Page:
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UGA urged to improve how it treats student-athletes
Jones on Geogia



ATLANTA --- The conversation at a recent feel-good luncheon sponsored by the University of Georgia Athletic Association kept turning away from how to inspire black elementary students to reach for college and instead back to how the school treats kids who are already on campus as athletes.

Carla Williams, the assistant athletic director, came up with the idea for the luncheon, held in Atlanta's Vine City neighborhood at the historic Paschal's restaurant that was a favorite of Dr. Martin Luther King Jr. and other Civil Rights leaders.

Invited were ministers, elementary-school principals and youth counselors who mingled with former athletes.

"We wanted to get a diverse group here that can impact children," she said.

The initiative began in the spring when the association rented billboards highlighting graduating sports figures. The Atlanta luncheon was timed to provide networking on the eve of next month's start to the elementary school year.

Her plan is to use a little of the star power of the athletes to show possibilities to youngsters before they give up on school.

"We want to make sure children see that African-Americans are doing great things and have been for decades," she said.

UGA can use the help. It's admitting its largest class of black and Hispanic freshmen this fall, but neither represent the school's largest minority --- Asian --- or even crack 10 percent of the student body.

The luncheon's panel of coaches and alumni started things off with the predictable statements about the importance of a college degree and how special it is to be part of the Bulldog Nation. Once the questions and comments from the guests started, the topic began to stray from how to use athletes as role models to how the school has a reputation of simply using athletes.

Glen Ford, a Bulldog corner back who graduated in '99, put it bluntly.

"We still have the negative stigma that 'it's still Georgia.' ... , As an African-American, it comes back to me from African-Americans that 'it's still Georgia.' Is there something we can do that can kind of cut that stigma down a little because you don't hear it about North Carolina, you don't hear it about Auburn or Florida, but you hear it about Georgia," he said.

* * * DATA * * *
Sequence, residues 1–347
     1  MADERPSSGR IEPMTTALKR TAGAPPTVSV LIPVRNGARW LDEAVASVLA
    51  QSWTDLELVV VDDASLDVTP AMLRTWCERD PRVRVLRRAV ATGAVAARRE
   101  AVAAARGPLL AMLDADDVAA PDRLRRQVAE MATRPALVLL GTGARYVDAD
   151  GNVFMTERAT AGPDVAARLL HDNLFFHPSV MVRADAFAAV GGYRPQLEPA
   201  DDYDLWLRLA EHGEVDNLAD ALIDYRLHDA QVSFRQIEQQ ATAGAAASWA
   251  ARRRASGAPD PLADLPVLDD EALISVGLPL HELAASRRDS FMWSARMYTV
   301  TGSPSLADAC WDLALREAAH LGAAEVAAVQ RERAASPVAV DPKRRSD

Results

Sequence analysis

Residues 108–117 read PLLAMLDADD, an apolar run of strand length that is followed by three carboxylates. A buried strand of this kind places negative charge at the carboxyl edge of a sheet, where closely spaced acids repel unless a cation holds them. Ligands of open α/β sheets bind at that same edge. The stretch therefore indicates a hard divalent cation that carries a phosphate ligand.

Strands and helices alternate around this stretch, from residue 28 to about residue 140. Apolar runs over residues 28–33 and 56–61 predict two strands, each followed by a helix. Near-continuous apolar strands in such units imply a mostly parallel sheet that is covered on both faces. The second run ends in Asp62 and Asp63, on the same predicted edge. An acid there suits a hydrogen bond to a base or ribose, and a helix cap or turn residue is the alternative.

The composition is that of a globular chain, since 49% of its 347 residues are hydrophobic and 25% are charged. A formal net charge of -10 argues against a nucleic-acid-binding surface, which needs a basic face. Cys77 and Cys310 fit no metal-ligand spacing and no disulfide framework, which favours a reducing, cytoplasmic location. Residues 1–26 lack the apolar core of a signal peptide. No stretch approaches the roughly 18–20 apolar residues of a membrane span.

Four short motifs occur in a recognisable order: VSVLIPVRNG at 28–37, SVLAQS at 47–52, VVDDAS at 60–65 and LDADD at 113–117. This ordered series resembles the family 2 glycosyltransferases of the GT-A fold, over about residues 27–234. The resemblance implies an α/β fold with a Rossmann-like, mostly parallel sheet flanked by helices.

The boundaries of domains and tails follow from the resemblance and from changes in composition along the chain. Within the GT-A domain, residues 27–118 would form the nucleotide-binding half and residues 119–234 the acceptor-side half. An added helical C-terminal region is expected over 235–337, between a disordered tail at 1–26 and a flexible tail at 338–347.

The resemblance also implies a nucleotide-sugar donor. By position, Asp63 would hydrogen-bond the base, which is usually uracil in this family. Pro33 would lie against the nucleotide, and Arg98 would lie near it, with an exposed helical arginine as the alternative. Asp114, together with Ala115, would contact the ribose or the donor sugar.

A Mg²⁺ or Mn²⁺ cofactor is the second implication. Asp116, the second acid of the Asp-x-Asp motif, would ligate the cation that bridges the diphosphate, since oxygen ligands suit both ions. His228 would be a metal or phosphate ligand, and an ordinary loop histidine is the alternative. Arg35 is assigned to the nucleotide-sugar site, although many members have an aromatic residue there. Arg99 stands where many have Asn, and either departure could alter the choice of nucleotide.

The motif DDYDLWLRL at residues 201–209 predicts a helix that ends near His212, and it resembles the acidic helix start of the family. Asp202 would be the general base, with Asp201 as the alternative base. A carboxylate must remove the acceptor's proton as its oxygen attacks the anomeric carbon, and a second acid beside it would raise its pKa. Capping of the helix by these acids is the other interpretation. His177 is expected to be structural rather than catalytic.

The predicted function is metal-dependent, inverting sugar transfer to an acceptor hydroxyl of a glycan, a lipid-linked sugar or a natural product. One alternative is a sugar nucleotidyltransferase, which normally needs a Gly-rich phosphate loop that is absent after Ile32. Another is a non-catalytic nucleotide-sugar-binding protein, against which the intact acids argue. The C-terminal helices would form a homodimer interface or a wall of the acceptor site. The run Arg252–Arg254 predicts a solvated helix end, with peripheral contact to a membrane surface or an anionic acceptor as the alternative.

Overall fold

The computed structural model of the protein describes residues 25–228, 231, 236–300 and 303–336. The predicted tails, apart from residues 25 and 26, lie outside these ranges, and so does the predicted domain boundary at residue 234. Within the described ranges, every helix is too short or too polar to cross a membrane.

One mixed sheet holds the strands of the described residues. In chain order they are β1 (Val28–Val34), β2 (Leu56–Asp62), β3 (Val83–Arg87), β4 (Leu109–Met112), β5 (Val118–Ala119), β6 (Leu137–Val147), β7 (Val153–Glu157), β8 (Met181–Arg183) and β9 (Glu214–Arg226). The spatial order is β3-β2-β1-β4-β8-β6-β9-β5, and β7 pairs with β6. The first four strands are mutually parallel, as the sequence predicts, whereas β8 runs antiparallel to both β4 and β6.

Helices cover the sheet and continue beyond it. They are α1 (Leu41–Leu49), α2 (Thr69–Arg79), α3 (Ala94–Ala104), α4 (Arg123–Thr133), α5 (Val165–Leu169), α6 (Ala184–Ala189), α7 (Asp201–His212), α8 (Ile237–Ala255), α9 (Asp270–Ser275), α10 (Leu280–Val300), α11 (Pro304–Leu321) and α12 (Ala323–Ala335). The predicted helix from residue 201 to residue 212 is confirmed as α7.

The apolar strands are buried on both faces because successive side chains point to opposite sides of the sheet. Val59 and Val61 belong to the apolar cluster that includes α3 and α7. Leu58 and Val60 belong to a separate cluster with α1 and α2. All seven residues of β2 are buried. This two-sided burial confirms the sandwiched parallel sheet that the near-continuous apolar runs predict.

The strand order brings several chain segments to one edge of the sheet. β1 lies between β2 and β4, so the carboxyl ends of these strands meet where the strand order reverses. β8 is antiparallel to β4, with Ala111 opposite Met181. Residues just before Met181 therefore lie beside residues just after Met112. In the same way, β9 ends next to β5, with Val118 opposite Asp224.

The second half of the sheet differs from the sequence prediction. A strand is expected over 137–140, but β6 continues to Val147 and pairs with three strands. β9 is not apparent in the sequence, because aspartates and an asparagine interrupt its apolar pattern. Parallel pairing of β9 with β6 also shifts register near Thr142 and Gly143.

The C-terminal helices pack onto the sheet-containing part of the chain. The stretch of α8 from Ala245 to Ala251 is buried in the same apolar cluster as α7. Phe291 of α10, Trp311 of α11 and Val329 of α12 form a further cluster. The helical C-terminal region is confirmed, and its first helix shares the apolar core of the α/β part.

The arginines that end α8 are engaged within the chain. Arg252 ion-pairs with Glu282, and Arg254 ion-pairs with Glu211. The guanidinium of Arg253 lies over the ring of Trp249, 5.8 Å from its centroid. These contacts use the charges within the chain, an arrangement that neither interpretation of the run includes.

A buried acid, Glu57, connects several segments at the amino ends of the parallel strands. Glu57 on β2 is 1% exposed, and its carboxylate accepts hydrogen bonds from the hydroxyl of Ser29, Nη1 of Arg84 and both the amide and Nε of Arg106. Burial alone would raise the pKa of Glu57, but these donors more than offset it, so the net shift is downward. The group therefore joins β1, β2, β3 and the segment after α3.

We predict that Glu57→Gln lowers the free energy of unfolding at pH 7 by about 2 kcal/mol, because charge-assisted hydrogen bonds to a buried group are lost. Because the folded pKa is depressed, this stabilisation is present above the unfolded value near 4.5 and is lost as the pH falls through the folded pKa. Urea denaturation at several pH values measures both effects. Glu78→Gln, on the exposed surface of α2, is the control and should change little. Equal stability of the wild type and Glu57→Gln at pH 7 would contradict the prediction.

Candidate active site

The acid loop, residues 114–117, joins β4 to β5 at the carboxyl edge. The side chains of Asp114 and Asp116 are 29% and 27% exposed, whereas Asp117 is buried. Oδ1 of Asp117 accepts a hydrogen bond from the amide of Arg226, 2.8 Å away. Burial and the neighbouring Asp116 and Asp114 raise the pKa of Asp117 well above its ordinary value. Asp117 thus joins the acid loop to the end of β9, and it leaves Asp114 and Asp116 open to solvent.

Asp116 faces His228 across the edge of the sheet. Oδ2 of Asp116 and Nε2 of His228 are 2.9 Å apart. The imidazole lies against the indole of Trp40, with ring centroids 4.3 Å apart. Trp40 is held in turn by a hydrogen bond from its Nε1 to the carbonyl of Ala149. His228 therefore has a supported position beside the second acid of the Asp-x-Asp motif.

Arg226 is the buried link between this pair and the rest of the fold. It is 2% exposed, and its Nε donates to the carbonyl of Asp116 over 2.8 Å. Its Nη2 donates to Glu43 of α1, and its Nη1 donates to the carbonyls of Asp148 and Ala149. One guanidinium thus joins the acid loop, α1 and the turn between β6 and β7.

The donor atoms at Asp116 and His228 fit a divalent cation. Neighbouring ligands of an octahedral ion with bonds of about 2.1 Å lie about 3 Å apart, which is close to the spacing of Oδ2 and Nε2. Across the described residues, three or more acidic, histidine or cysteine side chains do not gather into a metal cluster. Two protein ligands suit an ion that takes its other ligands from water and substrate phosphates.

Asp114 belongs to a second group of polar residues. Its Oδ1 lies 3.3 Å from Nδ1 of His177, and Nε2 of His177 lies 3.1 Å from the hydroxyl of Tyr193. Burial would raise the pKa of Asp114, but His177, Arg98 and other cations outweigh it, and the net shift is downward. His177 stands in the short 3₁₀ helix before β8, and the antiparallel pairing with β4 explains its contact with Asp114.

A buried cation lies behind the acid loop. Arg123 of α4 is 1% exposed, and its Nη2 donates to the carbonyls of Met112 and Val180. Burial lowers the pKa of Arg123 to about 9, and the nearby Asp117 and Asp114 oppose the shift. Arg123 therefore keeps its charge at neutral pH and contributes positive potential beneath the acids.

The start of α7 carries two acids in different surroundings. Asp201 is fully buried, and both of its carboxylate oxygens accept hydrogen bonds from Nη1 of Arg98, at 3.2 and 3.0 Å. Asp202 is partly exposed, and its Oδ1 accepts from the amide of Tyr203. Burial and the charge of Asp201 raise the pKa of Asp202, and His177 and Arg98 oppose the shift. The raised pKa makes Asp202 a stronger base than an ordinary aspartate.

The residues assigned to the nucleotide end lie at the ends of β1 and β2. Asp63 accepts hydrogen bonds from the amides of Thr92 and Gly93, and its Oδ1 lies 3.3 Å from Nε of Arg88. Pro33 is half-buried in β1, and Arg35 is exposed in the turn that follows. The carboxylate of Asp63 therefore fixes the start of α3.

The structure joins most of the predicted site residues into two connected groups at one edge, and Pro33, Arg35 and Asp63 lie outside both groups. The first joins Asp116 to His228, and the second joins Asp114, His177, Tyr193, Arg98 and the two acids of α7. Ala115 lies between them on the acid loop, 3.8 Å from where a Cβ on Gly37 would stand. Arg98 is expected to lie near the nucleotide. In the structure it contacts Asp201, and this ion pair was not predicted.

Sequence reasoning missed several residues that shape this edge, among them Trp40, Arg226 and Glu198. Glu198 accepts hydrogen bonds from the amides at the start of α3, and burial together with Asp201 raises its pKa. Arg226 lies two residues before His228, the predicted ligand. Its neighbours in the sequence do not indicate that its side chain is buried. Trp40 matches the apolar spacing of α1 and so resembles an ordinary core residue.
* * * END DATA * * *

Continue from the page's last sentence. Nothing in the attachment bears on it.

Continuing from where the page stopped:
"... I talk to a lot of athletes, and they're 'yeah it's great while you're at Georgia, but what about after I leave?'"

UGA's reputation among blacks is that the school's only interest in them is their contribution to the success of the football team or basketball team rather than as an individual, Ford explained.

James Brown, a football player "from the Herschel Walker days," acknowledged that the characterization isn't true, at least in his case. He took advantage of UGA's policy of allowing scholarship athletes who left without graduating to return to school tuition-free. The school even buys the textbooks.

"After running across athletes from other schools, you find out that the other schools aren't doing that, the other NCAA 1-A schools aren't doing that," he said, apologizing for not standing because of his many playing injuries.

It wasn't just ex-football players with that assessment. Donald Hartry, who played basketball at UGA and is now an executive with AT&T, has encountered the same perception Ford described.

"Most of the minority student athletes are scared to go to the University of Georgia," he said. "They're thinking that a degree is out of their reach. We don't turn out enough athletes with degrees, is what they're thinking."

The issue is more than whether athletes graduate. What the students care about is their ability to make a living after their playing days end, according to the various comments.

Football head coach Mark Richt outlined some of the efforts he and his staff go to, from arranging job shadowing to hosting career-day presentations for all 500 student athletes, not just his players. And when they apply for a job, he'll offer a recommendation.

"I'm constantly making calls for these kids," he said.

But he added, there's a limit to what he and the other coaches can do.

"Sometimes they've got to understand that they've got to do their part, too," he said. "... I tell them, 'I don't have time to find you a job.'"

The whole atmosphere surrounding UGA athletes is a factor, according to Thomas Brown, a football player who Richt hired as assistant strength-and-conditioning coach. Few people ask athletes about their career plans, Brown said. They only ask about sports. As a result, athletes want to take easy courses rather than useful ones.

But the comment that triggered spontaneous applause from the guests came when Hartry observed that the cocoon athletes stay in at Georgia gives them little contact with other students. So they don't know how to make relationships or have contacts with classmates that can benefit them in their off-the-field careers the way the typical UGA grad does.

The dilemma for student athletes is whether they're more student or more athlete. Women's basketball coach Andy Landers was on the panel as proof they can be both since his program boasts a 100 percent graduation rate.

But the luncheon designed to fire up former athletes to help recruit grammar-schoolers yielded a frank discussion that gave coaches and administrators something to think about on their ride back to Athens.

Walter Jones is the Atlanta bureau chief for Morris News Service and has been covering state politics since 1998. He can be reached at walter.jones@morris.com, (404) 589-8424 or on Twitter @MorrisNews.



Web posted on Thursday, August 04, 2011













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